Unfortunately, many of these healthcare workers have not sought help for their depression. Some physicians shared why in the MedScape burnout report. One of the reasons was they felt they could deal with depression on their own. Another reason was the concern about disclosure to the medical board and depression added to their insurance record.
Depression is one of the most common types of mental illness. According to Mental Health America, nearly 50 million Americans are currently experiencing a mental illness. The world is no stranger to depression, yet many unhelpful and unhealthy stigmas still stand. Perhaps since pathologists, doctors, psychologists, and other health professionals are charged with taking care of the public, they feel extra pressure to appear well. However, none are exempt from the devastating effects of mental illness. Everyone, from patients to overworked pathologists, needs help.
More than 1 in 10 pathologists have suicidal thoughts.
In 2022 pathology was the medical field that had the highest rate of suicide attempts and suicidal thoughts. More than 1 in 10 pathologists, 13 percent, reported they have thought about or attempted suicide.
There was a recent meta-analysis on suicide among physicians and healthcare workers. They investigated why there tend to be more suicidal ideation and attempts in the medical field than in many other careers. Related risk factors could include that healthcare workers frequently have to break bad news and are surrounded by illness and death. These careers, especially pathology, also tend to attract perfectionistic people with compulsive attention to detail.
The pathologist lifestyle tends to be more reclusive and isolated than many other medical professionals. They typically work in a lab or office with a microscope, computer, and hundreds of thousands of slides. Although they may interact with laboratory professionals and colleagues, they rarely interact with the patient and medical staff at the hospital. During the COVID-19 pandemic, pathologists were overworked even more, and many ended up working from home. Remote work further isolated them from their colleagues. There were benefits that came from working from home. However, many cautioned people that worked from home to find ways to interact with colleagues as much as possible to avoid complete isolation.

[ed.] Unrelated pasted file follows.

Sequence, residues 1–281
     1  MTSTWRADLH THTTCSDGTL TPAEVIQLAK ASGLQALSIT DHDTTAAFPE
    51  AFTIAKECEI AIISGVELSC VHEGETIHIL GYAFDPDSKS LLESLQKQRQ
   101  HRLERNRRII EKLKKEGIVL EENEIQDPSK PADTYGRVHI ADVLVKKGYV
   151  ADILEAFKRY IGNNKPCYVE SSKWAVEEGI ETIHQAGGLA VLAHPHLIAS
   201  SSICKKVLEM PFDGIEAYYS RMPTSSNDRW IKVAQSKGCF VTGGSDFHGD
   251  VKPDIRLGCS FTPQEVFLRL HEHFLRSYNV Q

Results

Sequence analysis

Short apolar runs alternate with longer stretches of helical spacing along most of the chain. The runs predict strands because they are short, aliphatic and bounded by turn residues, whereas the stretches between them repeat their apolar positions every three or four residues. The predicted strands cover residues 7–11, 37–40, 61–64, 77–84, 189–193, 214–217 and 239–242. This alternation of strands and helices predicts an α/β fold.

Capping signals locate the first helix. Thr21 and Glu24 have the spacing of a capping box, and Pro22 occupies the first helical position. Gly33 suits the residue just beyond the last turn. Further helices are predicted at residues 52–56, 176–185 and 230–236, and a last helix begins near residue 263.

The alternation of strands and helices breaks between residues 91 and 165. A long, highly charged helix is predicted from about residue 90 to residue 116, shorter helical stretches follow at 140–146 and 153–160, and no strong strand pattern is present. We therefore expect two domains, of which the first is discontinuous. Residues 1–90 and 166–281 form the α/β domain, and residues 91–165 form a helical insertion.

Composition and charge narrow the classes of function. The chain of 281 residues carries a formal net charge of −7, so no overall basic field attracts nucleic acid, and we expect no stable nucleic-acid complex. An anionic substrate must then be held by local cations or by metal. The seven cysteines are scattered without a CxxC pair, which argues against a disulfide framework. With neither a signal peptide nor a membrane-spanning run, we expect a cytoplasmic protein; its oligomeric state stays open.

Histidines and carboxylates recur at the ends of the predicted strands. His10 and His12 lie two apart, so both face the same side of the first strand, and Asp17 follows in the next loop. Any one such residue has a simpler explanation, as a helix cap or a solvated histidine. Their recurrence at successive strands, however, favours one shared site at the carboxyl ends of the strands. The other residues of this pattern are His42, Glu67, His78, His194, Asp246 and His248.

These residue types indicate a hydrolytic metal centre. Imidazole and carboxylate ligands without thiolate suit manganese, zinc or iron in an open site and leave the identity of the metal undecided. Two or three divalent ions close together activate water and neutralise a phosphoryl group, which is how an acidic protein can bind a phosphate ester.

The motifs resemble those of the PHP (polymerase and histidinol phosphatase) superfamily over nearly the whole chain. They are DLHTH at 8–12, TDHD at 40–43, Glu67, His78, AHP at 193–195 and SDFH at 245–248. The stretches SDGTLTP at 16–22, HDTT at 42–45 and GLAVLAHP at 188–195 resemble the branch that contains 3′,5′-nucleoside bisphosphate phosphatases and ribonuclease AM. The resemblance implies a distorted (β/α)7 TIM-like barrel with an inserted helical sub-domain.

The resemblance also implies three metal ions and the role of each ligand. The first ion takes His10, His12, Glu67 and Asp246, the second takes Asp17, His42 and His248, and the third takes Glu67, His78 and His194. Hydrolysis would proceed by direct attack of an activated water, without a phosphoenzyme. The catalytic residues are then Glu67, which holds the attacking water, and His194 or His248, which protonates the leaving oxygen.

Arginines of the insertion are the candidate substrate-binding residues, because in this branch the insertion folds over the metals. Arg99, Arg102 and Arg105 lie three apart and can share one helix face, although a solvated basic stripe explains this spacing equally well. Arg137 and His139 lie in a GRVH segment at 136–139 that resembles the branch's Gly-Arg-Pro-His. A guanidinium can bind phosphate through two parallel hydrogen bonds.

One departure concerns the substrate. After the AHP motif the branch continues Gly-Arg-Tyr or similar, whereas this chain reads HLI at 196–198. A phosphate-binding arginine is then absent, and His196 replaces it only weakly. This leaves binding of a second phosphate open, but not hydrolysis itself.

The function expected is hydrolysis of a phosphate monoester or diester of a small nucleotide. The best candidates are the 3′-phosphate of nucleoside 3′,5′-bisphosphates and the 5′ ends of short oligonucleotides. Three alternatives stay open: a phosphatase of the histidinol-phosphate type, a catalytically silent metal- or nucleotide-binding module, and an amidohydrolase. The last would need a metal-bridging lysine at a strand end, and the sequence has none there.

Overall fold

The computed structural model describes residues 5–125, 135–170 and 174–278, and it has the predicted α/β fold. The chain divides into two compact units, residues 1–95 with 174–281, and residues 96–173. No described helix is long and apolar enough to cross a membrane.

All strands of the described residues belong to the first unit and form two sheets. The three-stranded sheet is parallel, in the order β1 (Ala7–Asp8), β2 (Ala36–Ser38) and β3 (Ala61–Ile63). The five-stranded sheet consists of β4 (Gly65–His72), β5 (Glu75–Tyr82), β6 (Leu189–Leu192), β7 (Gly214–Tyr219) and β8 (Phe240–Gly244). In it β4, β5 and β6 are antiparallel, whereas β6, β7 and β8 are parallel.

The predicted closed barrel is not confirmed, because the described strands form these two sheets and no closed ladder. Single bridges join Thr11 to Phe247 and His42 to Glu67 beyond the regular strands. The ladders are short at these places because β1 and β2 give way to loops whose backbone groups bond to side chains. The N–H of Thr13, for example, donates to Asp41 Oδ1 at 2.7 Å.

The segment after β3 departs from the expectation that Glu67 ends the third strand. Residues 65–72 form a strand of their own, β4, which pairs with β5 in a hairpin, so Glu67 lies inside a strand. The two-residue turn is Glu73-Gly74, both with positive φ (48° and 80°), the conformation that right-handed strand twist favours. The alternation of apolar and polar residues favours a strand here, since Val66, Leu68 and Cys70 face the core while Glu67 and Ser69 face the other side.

The authors of the meta-analysis suggested that workplaces should offer more benefits and assistance with mental health. Of course, breaking the stigma and normalizing mental health problems among healthcare workers would also help. Anyone can have depression or suicidal thoughts. No one is exempt.
Ideas for handling mental health problems include going to therapy, spending time with family and friends, doing hobbies you enjoy, exercising to increase endorphins, getting enough sleep, and eating more healthily.
Resources for physicians with suicidal thoughts or depression
Are you, or someone you know, suffering from suicidal thoughts, depression, or burnout? Or maybe even all three? There is help. Resources include:
Physician Support Line: 888-409-0141, or visit www.physiciansupportline.com
National Suicide Prevention Lifeline: 800-273-8255, or, Text 741741, or visit http://suicidepreventionlifeline.org/
PeerRXm Med visit www.peerrxmed.com
American Foundation for Suicide Prevention visit afsp.org/suicide-prevention-for-healthcare-professionals
Many pathologists are overworked and feel the effects of burnout and the pathology shortage. There is also a dangerous amount of suicidal ideation and depression. On top of that, there is a greater need than ever for good cancer diagnostics worldwide. We need our pathologists, so something clearly needs to change.
Looking into the future, what can be done to increase interest in pathology as a medical field? And what can be done to help reduce the stress on our current pathologists?